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PeakOil is You

PeakOil is You

The Myth of energy and GDP

Discussions about the economic and financial ramifications of PEAK OIL

Unread postby Aaron » Tue 19 Apr 2005, 12:41:58

From your link

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The problem is, of course, that not only is economics bankrupt, but it has always been nothing more than politics in disguise... economics is a form of brain damage.

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Unread postby Wildwell » Tue 19 Apr 2005, 13:29:30

Yep, that's all I've been raging all along - they are linked…but.. efficiency can improve...which bit didn't you understand in the last 12 pages? Never mentioned doing anything with NO energy, I just talked about using less for particular tasks.

How many times have I said non-linear?

How many times have I talked about alternatives?

How many times have I said you can get growth and use less energy?

*shakes head*
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Unread postby MonteQuest » Tue 19 Apr 2005, 14:49:11

Ludi wrote:
MonteQuest wrote: According to IEA.org, Sweden's GDP growth from 1980 to 2001 was 2.7%. while total energy use rose at .36%


I think I'm having a semantic problem. To me that looks like an increase of .36%.


Yes, I was meaning that in some areas energy use declined, while in others it increased. Mainly due to efficiency and conservation and shift ing to other energy sources, but overall, there was still a net increase in energy consumption, and especially in oil use for transportation and also electricity which is absolutely necessary to increase production and overall GDP.
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Unread postby Aaron » Tue 19 Apr 2005, 14:54:45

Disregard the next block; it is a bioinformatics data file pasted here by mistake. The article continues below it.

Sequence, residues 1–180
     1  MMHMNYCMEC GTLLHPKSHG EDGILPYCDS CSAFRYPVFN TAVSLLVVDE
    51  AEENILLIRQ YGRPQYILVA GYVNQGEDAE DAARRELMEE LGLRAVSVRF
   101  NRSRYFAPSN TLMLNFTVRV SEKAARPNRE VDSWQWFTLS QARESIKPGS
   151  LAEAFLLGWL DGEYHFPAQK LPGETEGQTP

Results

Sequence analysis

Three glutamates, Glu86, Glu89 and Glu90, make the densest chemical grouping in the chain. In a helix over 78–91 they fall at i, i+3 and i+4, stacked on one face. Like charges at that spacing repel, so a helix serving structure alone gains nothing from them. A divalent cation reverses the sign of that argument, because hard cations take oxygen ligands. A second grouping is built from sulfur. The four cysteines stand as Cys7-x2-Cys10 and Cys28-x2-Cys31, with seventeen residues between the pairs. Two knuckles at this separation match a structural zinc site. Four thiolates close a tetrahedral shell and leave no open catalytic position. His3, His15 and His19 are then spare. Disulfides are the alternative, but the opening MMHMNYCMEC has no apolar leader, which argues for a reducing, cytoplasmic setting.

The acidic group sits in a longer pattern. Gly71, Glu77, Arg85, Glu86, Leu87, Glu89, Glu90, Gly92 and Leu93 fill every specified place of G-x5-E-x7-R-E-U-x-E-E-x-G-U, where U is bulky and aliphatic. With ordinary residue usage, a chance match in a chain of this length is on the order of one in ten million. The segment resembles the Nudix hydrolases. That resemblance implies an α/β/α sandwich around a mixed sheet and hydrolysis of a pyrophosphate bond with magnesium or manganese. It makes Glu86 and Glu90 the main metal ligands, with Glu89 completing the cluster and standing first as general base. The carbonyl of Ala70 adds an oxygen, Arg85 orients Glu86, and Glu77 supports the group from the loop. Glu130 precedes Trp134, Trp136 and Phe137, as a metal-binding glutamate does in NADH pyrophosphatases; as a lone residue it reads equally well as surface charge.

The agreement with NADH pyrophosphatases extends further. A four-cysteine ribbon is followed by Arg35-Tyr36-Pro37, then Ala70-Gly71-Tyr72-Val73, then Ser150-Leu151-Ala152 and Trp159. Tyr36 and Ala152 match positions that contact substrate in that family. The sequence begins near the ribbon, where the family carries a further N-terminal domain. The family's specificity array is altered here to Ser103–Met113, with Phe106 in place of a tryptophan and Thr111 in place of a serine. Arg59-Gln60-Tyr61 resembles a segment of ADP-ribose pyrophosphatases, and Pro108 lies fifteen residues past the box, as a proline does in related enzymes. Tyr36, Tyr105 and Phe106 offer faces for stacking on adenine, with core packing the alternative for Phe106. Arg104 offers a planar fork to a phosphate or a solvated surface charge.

Well let's travel back in time and see how this measures up to realty.

growth creates energy

Of course energy can be free.

It’s all perceived worth.

the money system is based on confidence, nothing to do with energy

You CAN get something for nothing

too much energy is less productivity and less growth

the Relationship of energy and economic growth is non-linear

it might be possible to send machines into other areas of the universe for resources

it is clear that economies can grow using the same or less energy


How many times have I said you can get growth and use less energy


Many... but your Exxon graph says otherwise.

Because it clearly shows increases in energy use.

I agree that technology made the energy more useful, and less expensive.

And that's the point.
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Unread postby MonteQuest » Tue 19 Apr 2005, 14:56:10

Wildwell wrote:Yep, that's all I've been raging all along - they are linked…but.. efficiency can improve...which bit didn't you understand in the last 12 pages? Never mentioned doing anything with NO energy, I just talked about using less for particular tasks.


Bullshit! You have said from the beginning that you can increase GDP without increasing energy use. The efficiency improvements and their limitations were discussed. You maintained that by value adding or price inflation you could grow overall GDP without using more energy.

Wildwell wrote:As it’s already been proved, the question of energy and economic growth is not directly related.


Talk about a classic case of backpedaling to get out of hot water. :P

What a hoot! :lol:
Last edited by MonteQuest on Tue 19 Apr 2005, 15:17:09, edited 2 times in total.
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Unread postby MonteQuest » Tue 19 Apr 2005, 15:00:39

Wildwell wrote:
Ludi wrote:
MonteQuest wrote: